Turkey is enjoying a golden period for agricultural exports.
The 10 months from January to October recorded the nation’s best returns for foreign sales ever.
While many other countries are struggling, the produce of Turkey’s farmers is earning the economy a much-needed boost, according to official figures.
In the first 10 months of this year Turkey has earned more than $27 billion from shipments of farm produce.
That equates to a year-on-year increase of 17.3 per cent January-October.
The figures, compiled by the Turkish Exporters Assembly (TIM) show agri-cultural exports in this period accounted to more than 13 per cent of Turkey’s overall foreign sales – which also set an all-time 10-month high at $209.5 billion, up 15.4 per cent on the same period last year.
Turkey is pushing hard to find new markets for its produce – in part to make up for the loss of Russia and Ukraine exports hit by the war – as it pushes to reach the $250 billion target for 2022 exports set by the government.
Turkish shipments of cereals, pulses and oil seeds products jumped 27.3 per cent to a record $9.3 billion – reaching more than $1 billion in October alone, marking the highest ever level on a monthly basis.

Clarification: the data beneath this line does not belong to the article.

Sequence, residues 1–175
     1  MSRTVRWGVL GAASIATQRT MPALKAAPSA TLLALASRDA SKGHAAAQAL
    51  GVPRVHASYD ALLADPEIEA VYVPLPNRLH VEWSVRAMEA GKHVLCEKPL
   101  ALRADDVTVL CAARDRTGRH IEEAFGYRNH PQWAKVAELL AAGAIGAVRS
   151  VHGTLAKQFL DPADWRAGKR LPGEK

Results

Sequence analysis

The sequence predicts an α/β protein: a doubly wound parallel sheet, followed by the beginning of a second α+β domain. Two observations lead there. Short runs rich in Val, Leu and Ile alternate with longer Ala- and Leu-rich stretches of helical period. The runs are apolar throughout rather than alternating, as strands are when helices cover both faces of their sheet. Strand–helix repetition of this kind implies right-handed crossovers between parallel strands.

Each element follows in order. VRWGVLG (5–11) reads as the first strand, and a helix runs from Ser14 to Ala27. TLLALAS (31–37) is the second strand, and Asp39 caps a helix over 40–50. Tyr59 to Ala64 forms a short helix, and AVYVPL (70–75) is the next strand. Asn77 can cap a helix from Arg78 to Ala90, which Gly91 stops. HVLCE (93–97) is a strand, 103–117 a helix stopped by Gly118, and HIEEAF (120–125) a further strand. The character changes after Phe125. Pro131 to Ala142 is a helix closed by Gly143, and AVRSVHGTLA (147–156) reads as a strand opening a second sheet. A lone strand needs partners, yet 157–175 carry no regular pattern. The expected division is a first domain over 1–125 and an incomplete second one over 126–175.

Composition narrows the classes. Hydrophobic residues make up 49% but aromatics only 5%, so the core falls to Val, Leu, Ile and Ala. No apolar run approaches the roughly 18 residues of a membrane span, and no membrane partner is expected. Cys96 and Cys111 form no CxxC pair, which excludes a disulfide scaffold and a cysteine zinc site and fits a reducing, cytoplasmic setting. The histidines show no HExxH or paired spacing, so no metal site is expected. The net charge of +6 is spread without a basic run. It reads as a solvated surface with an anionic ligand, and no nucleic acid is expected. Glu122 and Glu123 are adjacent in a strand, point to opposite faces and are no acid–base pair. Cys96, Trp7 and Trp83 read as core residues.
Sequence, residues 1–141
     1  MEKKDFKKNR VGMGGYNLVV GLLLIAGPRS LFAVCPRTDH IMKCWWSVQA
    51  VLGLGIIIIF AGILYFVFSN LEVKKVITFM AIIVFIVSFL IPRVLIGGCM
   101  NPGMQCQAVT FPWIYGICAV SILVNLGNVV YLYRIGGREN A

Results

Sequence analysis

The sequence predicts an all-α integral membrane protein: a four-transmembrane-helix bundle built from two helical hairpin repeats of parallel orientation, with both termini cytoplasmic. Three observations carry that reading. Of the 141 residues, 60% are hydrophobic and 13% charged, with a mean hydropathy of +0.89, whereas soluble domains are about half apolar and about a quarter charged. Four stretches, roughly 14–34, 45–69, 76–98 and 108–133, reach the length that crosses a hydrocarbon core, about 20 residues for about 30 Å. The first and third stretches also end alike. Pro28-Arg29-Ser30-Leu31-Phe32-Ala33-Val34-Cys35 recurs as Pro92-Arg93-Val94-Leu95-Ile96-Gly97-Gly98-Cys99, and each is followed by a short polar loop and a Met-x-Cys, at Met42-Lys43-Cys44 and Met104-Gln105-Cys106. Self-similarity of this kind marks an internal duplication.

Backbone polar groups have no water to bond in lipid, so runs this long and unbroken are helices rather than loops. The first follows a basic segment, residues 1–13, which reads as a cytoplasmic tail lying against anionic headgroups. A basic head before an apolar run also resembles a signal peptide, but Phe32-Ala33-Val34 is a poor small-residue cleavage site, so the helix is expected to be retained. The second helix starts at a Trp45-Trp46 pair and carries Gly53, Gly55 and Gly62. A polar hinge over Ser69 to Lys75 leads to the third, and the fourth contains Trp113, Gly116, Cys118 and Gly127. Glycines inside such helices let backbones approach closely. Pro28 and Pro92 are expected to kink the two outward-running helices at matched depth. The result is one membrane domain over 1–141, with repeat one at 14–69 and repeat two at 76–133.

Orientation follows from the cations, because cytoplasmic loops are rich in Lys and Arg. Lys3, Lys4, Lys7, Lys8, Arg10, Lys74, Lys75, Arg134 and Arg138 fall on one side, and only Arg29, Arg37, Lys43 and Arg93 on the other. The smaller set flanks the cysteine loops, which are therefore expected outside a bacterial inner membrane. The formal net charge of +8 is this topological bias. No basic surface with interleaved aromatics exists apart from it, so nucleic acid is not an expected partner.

Fruit and vegetables also reached their all-time high sales in the January-October period, rising 24.6 per cent to $2 billion.
Sales of aquaculture and animal products rose 25.8 per cent to $3.36 billion, while those of dried fruit were up three per cent to $1.6 billion, the data showed.
Iraq was the top buyer of Turkish agricultural products, receiving $1.92 billion worth of cereals, pulses and oil seeds products, $339 million worth of fruits and vegetables and $633.7 million worth of aquaculture and animal products.
Meanwhile, the head of a bakery union has talked himself into jail in Ankara for “publicly insulting the Turkish nation” over its eating habits.
Union for Bread Producers chairman Cihan Kolivar said: “Bread is the staple food for stupid societies. I speak scientifically, I am not making it up – per capita consumption is 210 kilos in Turkey; and 45-50 kilos in Sweden, Norway, Denmark, England, Japan.
“Since our society eats their fill with bread, such rulers have been ruling it for 20 years.”
Inflation in Turkey during October climbed to a 24-year high of 85.5 per cent, having started to surge last year as the lira slumped.
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